Almost every fmcg and retail company says in its mission or values that understanding and applying consumer insight is central to its approach. We work with many such companies, and the degree to which they live up to the theory varies widely. Some consistently live it, others less so.

So how do you know if your company is genuinely consumer and shopper-focused? Here are three things to look for.

First, is your insight team focused on the big picture rather than the smaller details? Typically, insight teams do a lot of work checking how consumers respond to different ideas, products, store formats and more. This work can be important, but it is far less important than the bigger questions. How are people living? What do they aspire to? How does your brand or service fit?

Yes, do the work understanding if people prefer a raspberry or strawberry flavour. But do much more work understanding how your offer will fit in the new world. People are moving towards subscription services and last-mile delivery is growing. Consumers are being influenced digitally in new ways. For many, money is tight and choice is exploding. Your insight people should spend 80% of their time understanding dynamics like this, and their implications, and only 20% double-checking your ideas and initiatives are working.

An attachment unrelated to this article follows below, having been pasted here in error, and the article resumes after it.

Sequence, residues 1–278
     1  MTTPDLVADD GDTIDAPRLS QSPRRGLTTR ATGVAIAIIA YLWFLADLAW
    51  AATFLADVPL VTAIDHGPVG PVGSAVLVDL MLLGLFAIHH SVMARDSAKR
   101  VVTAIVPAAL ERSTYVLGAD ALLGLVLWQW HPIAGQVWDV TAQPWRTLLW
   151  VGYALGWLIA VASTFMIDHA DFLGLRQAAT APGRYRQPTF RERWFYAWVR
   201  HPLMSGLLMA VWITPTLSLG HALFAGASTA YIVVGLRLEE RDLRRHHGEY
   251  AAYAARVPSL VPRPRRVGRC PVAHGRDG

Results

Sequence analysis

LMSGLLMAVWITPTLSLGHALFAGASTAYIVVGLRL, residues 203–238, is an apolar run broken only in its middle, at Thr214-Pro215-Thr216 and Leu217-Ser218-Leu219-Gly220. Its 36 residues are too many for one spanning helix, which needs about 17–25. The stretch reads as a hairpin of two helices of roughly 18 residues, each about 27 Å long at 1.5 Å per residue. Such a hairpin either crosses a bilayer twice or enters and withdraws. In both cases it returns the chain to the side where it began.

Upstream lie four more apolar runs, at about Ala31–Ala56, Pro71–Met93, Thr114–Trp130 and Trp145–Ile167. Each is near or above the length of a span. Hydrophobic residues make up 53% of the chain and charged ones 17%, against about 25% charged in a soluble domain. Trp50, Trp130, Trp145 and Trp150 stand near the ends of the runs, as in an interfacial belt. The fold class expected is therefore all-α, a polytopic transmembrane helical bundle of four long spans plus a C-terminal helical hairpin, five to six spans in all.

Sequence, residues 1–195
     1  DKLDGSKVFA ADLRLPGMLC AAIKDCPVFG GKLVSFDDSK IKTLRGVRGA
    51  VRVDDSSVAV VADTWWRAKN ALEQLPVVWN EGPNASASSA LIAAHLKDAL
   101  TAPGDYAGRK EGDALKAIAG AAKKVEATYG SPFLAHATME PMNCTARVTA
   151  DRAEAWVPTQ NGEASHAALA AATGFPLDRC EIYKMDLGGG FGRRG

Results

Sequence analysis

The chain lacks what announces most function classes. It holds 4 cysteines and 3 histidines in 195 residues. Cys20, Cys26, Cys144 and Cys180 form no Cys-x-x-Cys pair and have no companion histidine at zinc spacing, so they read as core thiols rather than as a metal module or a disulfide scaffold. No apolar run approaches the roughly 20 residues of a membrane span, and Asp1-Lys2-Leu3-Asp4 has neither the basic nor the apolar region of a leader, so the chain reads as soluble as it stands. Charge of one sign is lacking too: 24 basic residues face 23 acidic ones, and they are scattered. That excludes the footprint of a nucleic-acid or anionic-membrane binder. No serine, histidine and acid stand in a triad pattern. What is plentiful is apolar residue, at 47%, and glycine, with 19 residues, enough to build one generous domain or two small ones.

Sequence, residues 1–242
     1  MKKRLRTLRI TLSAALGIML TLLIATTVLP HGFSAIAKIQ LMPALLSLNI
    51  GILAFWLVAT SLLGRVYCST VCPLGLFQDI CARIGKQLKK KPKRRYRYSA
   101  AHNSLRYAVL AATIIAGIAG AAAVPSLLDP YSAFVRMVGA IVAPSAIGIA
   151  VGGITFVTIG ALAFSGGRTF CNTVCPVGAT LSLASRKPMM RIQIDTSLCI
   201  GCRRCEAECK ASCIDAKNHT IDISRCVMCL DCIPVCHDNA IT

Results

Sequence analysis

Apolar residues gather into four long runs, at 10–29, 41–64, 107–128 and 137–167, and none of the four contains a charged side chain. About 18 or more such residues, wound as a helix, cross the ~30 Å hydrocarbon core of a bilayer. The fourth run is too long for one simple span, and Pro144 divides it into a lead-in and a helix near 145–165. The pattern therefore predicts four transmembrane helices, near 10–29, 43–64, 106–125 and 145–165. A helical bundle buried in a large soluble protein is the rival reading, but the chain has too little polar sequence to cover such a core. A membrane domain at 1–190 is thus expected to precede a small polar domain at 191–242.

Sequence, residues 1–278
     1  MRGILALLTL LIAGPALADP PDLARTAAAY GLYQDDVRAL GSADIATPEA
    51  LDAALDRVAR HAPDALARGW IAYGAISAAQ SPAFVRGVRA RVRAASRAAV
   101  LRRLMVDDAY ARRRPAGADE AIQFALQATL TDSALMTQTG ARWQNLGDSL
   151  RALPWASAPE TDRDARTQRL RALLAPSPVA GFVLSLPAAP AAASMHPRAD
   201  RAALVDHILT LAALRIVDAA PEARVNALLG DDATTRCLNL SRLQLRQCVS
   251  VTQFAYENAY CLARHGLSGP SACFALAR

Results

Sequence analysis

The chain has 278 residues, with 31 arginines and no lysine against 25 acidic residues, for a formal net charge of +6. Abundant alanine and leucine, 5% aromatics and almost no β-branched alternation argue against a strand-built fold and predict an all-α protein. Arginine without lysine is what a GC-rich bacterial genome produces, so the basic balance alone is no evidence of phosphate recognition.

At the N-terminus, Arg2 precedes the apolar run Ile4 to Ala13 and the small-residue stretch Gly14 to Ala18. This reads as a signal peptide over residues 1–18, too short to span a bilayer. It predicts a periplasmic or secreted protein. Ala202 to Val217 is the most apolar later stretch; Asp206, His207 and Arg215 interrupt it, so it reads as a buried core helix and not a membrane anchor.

Second, encourage your insight team to speak truth to power. Companies need insight leaders with the skills, courage and opportunity to talk to decision makers – to constructively challenge them with what consumers want and need, and what they are actually getting. When I worked for a large, struggling retailer, there was little opportunity to have such conversations with the execs. Then with new leadership, and the company beginning to succeed, the insight team met the board twice a year, with an uncensored, honest presentation of what we were hearing and seeing from customers. Challenging, sometimes controversial insights and ugly truths are often necessary to move companies forward, especially in turnaround situations.

Finally, consumer focus has to be driven from the top. It requires leaders (especially the top dog) who spend time talking and listening with customers. Yes, they should read the monthly satisfaction or brand image numbers. But it is more important they have an empathetic feel for consumers as people – observing them, talking to them and thinking about how to do a better job for them.

So, focus your insight people on the big picture and encourage them to speak candidly with leaders. Find and support leaders who have a feel for consumers, and who will model consumer-driven behaviour. That’s how to walk the talk on consumer focus.